Carolina Chocolate Drops sweetens sound

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Entertainment,Music,Nancy Dunham

This may be an off album year for the Carolina Chocolate Drops, but that doesn't mean they're not fired up about new music.

The African-American string band officially formed several years ago but didn't have its big break through until 2010 when its album "Genuine Negro Jig" won the Grammy Award for Best Traditional Folk Album. That means a lot of fans are still sifting through the band's lesser-known but just-as-solid music.

"We are going to do a mixture of songs from past albums and maybe a couple new things," said singer and multi-instrumentalist Rhiannon Giddens. "We are not really one of those bands that plays everything off the latest album. We rotate music in and out and work in a few new songs we're working on."

And there's plenty to pull from, including the group's last album, "Leaving Eden," produced by Buddy Miller. The magic of the Carolina Chocolate Drops, noted a New York Times critic, is that the members look to reinterpret the classic sound of Southern black music from the '20s and '30s -- string band, jug band, fife and drum and early jazz -- and give it a fresh spin with classic flatfoot dancing and jug playing.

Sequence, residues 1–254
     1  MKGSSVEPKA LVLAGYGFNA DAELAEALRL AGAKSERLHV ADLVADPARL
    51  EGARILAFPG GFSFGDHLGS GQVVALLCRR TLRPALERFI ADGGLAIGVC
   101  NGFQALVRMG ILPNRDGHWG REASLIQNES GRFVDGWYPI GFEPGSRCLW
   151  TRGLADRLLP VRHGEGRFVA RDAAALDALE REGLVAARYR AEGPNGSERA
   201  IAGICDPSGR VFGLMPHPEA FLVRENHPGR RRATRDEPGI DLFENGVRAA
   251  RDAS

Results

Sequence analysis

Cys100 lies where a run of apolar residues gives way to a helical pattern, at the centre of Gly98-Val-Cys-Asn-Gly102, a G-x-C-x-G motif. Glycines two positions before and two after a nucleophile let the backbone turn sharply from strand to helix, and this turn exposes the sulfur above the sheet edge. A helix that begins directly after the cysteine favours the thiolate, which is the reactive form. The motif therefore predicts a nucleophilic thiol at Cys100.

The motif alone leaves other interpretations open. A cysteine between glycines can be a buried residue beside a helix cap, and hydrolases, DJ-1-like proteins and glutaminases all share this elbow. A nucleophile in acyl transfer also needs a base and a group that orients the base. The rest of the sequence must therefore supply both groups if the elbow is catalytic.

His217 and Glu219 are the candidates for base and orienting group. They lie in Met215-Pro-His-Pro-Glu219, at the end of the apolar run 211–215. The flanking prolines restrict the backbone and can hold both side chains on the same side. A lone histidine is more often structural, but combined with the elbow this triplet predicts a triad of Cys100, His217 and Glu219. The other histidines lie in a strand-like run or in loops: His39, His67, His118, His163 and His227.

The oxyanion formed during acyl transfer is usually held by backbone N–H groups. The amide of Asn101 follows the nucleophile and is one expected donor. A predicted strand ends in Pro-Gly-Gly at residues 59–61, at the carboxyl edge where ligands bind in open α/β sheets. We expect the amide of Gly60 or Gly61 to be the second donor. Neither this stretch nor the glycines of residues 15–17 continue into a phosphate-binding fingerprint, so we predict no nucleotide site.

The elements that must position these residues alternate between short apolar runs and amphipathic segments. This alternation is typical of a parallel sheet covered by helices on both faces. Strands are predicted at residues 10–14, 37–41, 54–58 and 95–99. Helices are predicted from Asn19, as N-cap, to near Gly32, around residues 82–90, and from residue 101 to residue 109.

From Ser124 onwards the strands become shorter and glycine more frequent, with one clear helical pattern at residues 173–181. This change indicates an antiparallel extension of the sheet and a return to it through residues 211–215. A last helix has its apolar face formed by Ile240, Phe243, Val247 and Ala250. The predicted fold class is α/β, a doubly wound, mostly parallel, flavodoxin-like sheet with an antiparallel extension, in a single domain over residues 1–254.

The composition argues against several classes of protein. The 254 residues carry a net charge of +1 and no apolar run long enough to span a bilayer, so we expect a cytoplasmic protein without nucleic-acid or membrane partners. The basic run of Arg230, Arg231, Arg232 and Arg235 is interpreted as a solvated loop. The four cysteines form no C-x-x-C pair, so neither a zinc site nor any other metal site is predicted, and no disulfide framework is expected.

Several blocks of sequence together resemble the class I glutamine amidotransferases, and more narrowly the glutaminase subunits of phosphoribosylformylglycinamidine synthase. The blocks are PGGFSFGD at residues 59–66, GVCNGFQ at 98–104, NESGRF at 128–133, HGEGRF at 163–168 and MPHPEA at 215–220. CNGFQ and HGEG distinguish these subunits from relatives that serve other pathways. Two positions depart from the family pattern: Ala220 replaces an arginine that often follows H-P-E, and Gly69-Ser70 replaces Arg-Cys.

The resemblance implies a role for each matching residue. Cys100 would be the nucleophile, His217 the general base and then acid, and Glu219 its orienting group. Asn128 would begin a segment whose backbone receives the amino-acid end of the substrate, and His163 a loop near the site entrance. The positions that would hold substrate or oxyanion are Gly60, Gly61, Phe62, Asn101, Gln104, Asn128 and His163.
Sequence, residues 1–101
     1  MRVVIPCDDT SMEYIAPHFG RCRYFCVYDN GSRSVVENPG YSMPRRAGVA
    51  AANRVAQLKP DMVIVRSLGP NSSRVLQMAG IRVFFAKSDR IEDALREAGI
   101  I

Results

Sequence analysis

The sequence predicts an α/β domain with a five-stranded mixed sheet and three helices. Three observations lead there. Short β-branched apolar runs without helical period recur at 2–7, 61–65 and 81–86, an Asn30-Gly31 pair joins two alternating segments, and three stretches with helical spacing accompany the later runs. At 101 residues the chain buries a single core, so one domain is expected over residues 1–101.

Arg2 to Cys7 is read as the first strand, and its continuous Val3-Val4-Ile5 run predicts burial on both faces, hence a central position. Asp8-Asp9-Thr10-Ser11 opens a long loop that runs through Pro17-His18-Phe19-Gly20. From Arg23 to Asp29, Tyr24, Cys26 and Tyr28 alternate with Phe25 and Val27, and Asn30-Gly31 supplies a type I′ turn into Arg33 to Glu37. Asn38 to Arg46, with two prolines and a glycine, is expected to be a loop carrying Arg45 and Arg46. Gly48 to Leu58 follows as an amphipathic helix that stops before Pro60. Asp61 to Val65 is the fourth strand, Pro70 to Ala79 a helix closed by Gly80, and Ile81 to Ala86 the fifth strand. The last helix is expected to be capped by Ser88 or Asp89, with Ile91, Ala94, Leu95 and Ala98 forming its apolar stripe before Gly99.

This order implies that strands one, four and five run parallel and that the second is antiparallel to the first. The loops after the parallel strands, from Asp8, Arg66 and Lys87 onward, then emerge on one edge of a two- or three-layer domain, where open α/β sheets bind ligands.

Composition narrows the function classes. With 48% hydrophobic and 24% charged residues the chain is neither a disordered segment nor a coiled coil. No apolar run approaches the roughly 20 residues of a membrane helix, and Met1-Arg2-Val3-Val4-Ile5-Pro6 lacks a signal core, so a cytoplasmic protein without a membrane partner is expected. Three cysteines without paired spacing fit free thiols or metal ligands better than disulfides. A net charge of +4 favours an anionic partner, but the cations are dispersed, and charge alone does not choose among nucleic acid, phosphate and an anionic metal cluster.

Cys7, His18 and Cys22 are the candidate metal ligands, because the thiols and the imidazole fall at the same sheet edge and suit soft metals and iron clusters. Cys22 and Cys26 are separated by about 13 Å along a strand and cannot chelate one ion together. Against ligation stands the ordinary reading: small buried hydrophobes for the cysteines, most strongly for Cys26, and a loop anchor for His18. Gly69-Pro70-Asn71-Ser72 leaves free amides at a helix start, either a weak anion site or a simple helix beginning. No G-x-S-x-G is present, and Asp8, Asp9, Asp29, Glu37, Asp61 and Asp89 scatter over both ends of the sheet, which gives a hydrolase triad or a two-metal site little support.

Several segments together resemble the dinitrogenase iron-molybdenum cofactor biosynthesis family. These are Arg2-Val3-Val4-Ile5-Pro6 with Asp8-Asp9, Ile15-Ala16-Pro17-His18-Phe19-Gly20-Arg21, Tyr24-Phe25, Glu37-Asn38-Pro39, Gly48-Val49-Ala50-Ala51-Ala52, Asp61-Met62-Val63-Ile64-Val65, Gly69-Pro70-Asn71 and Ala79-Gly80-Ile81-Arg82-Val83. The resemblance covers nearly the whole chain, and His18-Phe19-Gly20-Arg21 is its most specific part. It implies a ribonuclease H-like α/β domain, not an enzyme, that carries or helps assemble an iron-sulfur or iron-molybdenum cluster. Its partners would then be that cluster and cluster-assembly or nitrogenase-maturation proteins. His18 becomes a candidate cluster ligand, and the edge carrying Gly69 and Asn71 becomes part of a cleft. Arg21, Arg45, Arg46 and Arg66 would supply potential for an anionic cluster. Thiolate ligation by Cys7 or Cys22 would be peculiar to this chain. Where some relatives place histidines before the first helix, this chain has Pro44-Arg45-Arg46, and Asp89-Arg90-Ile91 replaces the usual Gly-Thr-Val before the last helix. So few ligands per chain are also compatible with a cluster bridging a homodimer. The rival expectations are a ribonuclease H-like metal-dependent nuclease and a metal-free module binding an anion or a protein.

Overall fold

Onstage
Carolina Chocolate Drops with Bombadil
» Where: The Birchmere Music Hall, 3701 Mount Vernon Ave., Alexandria
» When: 6 p.m. doors, 7:30 p.m. show Wednesday
» Info: $25; all standing in the Flex Stage; 703-549-7500; birchmere.com

And one of the most remarkable points is that for all their talent and popularity, they exhibit almost no pretense.

"I am a singer who plays," said Gidden when praised about her stellar fiddle playing. "I put a lot of my heart in my playing, and as a singer I put a lot of my heart into it. It is whatever instrument is in my hands at the time."

Gidden and the group's other founding member, Dom Flemons, have never been afraid to call upon other musicians to expand their sound. For "Leaving Eden," they tapped beatboxer Adam Matta, Brooklyn-based guitarist, banjo player and singer Hubby Jenkins, and New Orleans-based cellist Leyla McCalla.

Jenkins is now a full-time member of the group; Matta, after touring with Chocolate Drops throughout 2011, will make occasional guest appearances; and McCalla rounds out the band's touring lineup.

"We want to remain true to the roots of how we started," Giddens said. "We're always going to have a string band on our records. But we don't want to just do Piedmont-style fiddle-banjo-guitar tunes. There's more to our musical life than that. We grow in a healthy, slow way that reflects our true development as musicians and as a band."

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Author:

Nancy Dunham

Examiner Correspondent
The Washington Examiner